It has been eight days since Minions: The Rise of Gru premiered, and American movie theaters have not yet recovered. Gru-goers have arrived by the thousands, many wearing formal suits, cheering loudly, and occasionally pelting the screen with bananas in celebration of the year’s unlikeliest box office smash. The only thing watched more than the film itself in the past week may be the hundreds of TikToks and tweets made about it.
Rise of Gru is the fifth movie in the Minions franchise, which began with Despicable Me in 2010. The plot focuses on Gru, an 11-year-old with a vaguely Russian accent, who employs a team of minions in his quest to become a supervillain. Gru is the main character, but really, the movie is about the minions—a species of squishy yellow blobs, whose origin was explored in 2015’s Minions, the franchise’s third installment. They speak in bubbly gibberish (a random mix of French, English, Spanish, and Italian), dress almost exclusively in denim, and inject the movies with a sort of slapstick comedy that’s made them popular with kids for a decade.
Minions-mania, then, is nothing new. The first four movies earned more than $3.5 billion worldwide at the box office, making it the highest-grossing animated film franchise of all time. But even those movies pale in comparison to the Rise of Gru, which has catapulted the franchise’s global take past the $4 billion mark and inflated the internet with a hype so contagious that even people who had never seen Despicable Me have become part of the #minionscult.
For some, this is pure random chaos. One video explains the #minionscult as a sort of viral challenge to “take over TikTok” with banana emojis and matching profile pictures. Of course, random chaos is exactly what minions do best. In one movie, they use their vast laboratory resources to build a fart gun. Because why not! The TikToker who started the trend, who goes by @HutchBucketz, just wanted to see if Universal Pictures would invite him to the premiere of Rise of Gru if he generated enough hype. (Sadly, the studio did not.)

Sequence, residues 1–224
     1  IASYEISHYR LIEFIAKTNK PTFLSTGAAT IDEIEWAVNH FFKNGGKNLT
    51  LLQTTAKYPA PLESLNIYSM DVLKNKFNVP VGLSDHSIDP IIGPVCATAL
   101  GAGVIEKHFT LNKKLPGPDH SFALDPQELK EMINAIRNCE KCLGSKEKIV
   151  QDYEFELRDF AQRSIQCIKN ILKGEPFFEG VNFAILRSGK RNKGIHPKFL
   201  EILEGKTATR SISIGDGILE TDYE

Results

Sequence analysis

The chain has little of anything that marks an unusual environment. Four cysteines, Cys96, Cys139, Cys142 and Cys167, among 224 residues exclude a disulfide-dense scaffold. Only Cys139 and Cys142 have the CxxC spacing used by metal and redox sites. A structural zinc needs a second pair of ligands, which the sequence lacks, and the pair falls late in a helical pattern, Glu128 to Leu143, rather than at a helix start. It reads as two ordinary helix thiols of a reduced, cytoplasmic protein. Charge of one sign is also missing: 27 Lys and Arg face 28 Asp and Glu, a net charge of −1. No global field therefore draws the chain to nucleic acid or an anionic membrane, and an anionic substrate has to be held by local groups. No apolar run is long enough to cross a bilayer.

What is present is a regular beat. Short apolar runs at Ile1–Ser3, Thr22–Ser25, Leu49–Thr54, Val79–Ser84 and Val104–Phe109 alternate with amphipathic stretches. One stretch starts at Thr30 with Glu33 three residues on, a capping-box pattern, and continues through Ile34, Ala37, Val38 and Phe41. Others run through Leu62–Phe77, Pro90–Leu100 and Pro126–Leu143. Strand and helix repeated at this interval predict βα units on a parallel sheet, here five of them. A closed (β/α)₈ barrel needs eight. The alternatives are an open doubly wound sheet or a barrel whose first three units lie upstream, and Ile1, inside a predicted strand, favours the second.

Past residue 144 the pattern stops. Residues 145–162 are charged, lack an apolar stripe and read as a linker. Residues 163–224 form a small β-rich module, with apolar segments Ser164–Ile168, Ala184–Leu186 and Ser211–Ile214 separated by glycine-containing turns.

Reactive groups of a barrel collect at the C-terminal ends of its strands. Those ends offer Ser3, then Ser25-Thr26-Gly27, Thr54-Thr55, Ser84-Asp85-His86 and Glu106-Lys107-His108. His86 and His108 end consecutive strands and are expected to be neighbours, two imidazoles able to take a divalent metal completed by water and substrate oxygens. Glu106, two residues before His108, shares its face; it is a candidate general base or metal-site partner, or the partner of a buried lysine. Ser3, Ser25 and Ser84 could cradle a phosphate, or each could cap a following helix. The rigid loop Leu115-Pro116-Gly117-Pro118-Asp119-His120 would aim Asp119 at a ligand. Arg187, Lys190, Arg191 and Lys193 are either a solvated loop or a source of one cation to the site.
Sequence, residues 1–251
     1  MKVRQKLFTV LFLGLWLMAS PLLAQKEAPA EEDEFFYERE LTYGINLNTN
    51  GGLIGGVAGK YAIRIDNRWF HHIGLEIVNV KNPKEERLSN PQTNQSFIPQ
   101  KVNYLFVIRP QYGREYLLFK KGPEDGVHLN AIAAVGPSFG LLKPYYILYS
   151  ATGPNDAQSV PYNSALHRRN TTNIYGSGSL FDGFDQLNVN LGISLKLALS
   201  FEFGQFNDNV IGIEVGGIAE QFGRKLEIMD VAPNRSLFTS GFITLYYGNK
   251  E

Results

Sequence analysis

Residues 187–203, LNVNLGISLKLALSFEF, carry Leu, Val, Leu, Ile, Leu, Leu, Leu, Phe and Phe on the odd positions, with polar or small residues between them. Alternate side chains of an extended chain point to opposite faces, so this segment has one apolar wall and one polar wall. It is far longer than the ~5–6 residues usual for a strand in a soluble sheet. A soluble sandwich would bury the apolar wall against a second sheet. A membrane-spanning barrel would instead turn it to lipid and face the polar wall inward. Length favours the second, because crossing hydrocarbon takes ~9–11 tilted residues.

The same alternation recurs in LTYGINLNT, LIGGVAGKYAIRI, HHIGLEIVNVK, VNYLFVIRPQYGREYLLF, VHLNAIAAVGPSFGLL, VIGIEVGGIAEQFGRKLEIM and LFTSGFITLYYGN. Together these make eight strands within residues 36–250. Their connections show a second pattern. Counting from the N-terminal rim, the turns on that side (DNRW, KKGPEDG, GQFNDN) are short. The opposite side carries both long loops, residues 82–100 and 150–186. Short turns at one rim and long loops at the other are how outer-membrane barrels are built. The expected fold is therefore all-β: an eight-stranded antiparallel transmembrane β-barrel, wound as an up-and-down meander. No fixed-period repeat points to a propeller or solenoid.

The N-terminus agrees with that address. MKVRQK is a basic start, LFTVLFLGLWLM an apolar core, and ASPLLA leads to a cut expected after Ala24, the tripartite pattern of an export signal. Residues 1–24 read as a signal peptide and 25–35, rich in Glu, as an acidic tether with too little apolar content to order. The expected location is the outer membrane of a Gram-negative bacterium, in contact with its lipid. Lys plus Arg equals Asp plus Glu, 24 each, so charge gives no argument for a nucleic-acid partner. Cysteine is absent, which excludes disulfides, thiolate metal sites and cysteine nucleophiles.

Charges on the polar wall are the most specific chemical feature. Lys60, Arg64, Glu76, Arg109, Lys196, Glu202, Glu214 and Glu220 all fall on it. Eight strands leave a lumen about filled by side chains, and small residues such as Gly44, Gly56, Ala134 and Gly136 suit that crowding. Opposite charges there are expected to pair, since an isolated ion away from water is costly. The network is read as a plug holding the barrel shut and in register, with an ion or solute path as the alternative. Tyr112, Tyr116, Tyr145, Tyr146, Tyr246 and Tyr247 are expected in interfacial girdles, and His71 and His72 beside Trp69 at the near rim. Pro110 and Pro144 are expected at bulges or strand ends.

Others, many of them young people who grew up with the franchise, have coalesced around another trend. It involves showing up to movie theaters en masse, wearing formal attire, and greeting each other in the gentlemanly fashion of Gru. Last weekend, the presence of these #GentleMinions became so pronounced that at least one theater in the UK put up a sign warning that it wouldn’t permit suit-and-tie patrons to enter. Universal, meanwhile, posted a tweet saying “to everyone showing up to @Minions in suits: we see you and we love you.”
Ryan Broderick, who writes the Garbage Day newsletter on Substack, suggested that #GentleMinions might have emerged as a reference to an earlier meme around the 2019 film Joker, where people posted pictures of incel-like men with the caption “two tickets to Joker, please.” Young people dressed in suits and asking for “30 million tickets to Minions” feels like a riff on the old trend.
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If it is, it’s far surpassed the impact of the Joker meme. Rise of Gru grossed $125 million domestically its opening weekend, shattering previous Fourth of July box office records, the film equivalent of Redditors juicing the price of Gamestop stock. It also shows no sign of slowing down. Never underestimate the influence of the internet to jump from one screen to the next.